Check fraudsters sought
By Samantha Lyles, Staff Writer, firstname.lastname@example.org
The Darlington Police Department is asking for assistance in locating three men wanted for passing fraudulent checks totaling $3,352 at local Carolina Bank branches.
According to a police report filed with the DPD, the incidents took place May 22 at the Carolina Bank located at 104 Orange Street in Darlington. A teller reported that a black male wearing a blue shirt and possibly a skull cap entered the bank and attempted to cash a counterfeit check in the amount of $2,130.78. The suspect presented a Georgia driver’s license. The teller indicated that due to the large amount of money involved, she would need approval before cashing it. At that point, the suspect left the bank, abandoning his check and license.
The teller reported that just prior to this incident, three men – two black and one white – had successfully cashed three checks totaling $3,352.14 at the Carolina Bank branch located at 101 Express Lane in Darlington.
All the fraudulent checks involved in this scam used the name and address of a local business, Singletary’s Tire & Auto, Inc., which is a Carolina Bank customer.
Video surveillance at the banks captured the suspect’s images. Chief Danny Watson and Investigator Tony Flowers say the DPD is actively seeking these suspects and would appreciate any help the public can provide in identifying and locating them. If you have information, please call the Darlington Police Department at (843) 398-4026 or visit their Facebook page at www.facebook.com/DarlingtonPDSC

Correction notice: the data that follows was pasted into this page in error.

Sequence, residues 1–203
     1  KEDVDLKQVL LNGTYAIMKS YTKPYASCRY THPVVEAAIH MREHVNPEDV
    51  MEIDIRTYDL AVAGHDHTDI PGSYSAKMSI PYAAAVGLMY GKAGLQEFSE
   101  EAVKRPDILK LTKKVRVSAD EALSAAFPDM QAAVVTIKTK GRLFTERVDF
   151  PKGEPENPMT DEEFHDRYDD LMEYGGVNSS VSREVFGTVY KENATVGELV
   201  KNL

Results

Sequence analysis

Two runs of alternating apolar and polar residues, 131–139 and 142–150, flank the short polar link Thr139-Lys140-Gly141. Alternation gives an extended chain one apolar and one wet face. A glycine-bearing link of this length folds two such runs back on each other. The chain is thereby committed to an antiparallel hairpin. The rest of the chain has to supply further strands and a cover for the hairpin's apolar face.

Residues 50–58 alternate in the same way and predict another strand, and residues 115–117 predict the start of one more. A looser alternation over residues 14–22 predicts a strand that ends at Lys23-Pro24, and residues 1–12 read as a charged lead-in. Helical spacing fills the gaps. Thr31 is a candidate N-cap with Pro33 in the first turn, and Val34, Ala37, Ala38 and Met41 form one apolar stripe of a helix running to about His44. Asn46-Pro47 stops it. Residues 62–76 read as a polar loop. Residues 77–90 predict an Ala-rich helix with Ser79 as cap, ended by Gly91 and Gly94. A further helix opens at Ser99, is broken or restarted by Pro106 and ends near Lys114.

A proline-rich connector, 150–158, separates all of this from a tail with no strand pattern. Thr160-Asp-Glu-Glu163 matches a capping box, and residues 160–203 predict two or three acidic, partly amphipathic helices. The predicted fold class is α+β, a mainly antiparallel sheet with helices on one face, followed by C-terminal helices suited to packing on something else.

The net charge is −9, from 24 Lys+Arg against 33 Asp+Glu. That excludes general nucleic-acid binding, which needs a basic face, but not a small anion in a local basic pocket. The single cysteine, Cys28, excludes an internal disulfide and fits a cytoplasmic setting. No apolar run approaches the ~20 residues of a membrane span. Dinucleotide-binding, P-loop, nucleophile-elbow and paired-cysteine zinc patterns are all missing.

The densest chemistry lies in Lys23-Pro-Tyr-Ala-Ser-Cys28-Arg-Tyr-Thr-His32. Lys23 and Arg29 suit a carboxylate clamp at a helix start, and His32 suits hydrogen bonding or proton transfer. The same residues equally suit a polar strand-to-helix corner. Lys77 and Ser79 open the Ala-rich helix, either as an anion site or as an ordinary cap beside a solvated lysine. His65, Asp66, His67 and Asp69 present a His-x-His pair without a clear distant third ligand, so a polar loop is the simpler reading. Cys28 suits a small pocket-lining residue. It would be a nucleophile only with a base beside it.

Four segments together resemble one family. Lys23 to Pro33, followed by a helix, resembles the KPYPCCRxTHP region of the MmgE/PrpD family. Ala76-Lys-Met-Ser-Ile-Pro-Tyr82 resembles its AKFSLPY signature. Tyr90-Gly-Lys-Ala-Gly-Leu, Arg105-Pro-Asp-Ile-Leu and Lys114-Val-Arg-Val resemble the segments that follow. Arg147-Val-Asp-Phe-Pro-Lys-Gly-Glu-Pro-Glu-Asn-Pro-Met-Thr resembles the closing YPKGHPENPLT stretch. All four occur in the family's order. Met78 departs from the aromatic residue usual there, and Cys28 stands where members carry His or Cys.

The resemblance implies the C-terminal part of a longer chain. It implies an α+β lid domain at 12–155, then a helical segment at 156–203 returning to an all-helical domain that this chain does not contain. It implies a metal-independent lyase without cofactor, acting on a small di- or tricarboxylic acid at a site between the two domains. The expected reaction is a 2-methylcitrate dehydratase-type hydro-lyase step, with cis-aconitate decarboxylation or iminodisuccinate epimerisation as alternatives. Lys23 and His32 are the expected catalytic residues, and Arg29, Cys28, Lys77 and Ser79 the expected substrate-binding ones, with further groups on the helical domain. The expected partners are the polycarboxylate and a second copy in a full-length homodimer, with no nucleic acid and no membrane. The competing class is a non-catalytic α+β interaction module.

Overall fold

Watson says that with the ready availability of check stock paper at office supply stores and the sharp printing and graphics capabilities of high-tech computers and printers, counterfeit checks look more legitimate than ever. This means the best way to detect fraud is through vigilance and vetting procedures.
“If the person has a local address, look them up (in the phone book or online) and make sure the address matches. And make sure their ID matches the address on the check,” Watson says.
Also, check the date of issue on their photo ID. If the driver’s license or ID card was issued very recently, it may have been obtained to give a fraudster the appearance of legitimacy.
A very low check number can also serve as a warning sign, since most businesses are lost past the “00001” sections of their checkbooks.
While inspecting a check, look closely at the routing numbers and account numbers and make certain they measure up; American Bankers Association-designated routing numbers have nine digits, and bank account numbers normally have nine to twelve digits.
Too many digits, or too few, and you might be looking at a counterfeit.
Even if you can’t pinpoint why you don’t trust the check – or the person presenting the check – sometimes your intuition could be trying to warn you away from danger.
Watson says in those cases, don’t let your concern over appearing rude dissuade you from asking for further verification, or calling local law enforcement for help.
“If you think something doesn’t look right, call us and let us know,” says Watson. “If you can safely stall the person until we get there, that’s great, but (a fraudster) generally won’t stick around if they think the police are coming.”